Here again is a little cameo of someone following Jesus' example. Working out their salvation – working out what it means to be a Christ follower, by putting others first. Jesus our supreme example gave his life for others. Epharoditus risked his life for others. He actually neglected his health – that's the idea in the Greek here. He took risks with his own health for the work of Christ. He was so keen to help Paul that rather than rest up, he pressed on and, well frankly... he overdid it. And here's the thing: Paul doesn't rebuke him for that! Quite the opposite, in fact! Look what Paul says in verse 29:

"So receive him in the Lord with all joy, and honour such men…"

I'm not sure that's what we'd do with Epaphroditus, would we? I've got a hunch that we wouldn't honour him, but send him to the GP so he could be encouraged to get a better work/life balance. 'You'd better slow down Epaphroditus, or you're going to kill yourself!' That's what we would say! And I've got to be honest: when you're involved in ministry, whether voluntarily or in a full-time paid capacity, it's tempting to think: 'What am I doing? Why am I always busy? Why am I out so many evenings? Why do I only really get one day off a week? Everyone else gets two days off a week! It's too much! I need to slow down and take it easy for a while.' But then I look at Epharoditus and I think: 'So what if I live to be a hundred and I tick off all the things on my bucket list, if I was too self-protecting to make the most of the opportunities God gave me to hold out His word of truth to as many people as I can.'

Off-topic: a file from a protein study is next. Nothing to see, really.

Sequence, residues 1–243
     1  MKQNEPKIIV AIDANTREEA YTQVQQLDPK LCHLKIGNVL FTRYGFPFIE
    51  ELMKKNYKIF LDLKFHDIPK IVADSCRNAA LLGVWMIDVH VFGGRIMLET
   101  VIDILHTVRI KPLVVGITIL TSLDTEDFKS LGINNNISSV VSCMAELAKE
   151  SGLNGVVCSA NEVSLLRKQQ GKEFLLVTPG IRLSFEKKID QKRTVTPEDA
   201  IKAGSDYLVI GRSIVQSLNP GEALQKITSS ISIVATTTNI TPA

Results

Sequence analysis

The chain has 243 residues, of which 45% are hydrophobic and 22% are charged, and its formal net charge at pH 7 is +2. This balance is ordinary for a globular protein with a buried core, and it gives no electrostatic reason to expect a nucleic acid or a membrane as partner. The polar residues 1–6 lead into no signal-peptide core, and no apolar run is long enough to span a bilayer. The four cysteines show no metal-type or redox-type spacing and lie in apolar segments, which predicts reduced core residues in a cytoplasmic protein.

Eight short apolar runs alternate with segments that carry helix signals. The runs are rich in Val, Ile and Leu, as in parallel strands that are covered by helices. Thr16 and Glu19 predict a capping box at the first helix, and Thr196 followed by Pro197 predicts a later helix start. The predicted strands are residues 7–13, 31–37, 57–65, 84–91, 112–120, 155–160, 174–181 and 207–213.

Now please don't mishear me! I am not saying that it is wise to work yourself into an early grave. I read this great book over Easter called "Zeal Without Burnout". It's written by a guy called Christopher Ash, and I'd recommend it to anyone who is struggling with finding themselves overcommitted in life, let alone to service in the church. He reminds us that sacrifice is not the same thing as burnout, and he does that by turning our attention to Romans 12.1 where Paul calls on us to:

"...present your bodies as a living sacrifice..."

Ash says this of that phrase:

"A living sacrifice is a strange expression. It means a sacrifice that goes on and on being offered, so long as it lasts."

So, we are not to work until we drop, but following Jesus will involve being a sustainable sacrifice – it will involve the sort of self-giving living that God enables us to go on giving day after day. So get enough sleep, make sure to have a day off each week, see friends who refresh you, prioritise your own spiritual life – you can't give out of an empty tank – but above all know that to follow Christ means to act like Christ. It will involve sacrifice! It will be inconvenient and costly. It will mean taking risks, even with our health. But it will be so, so worth it.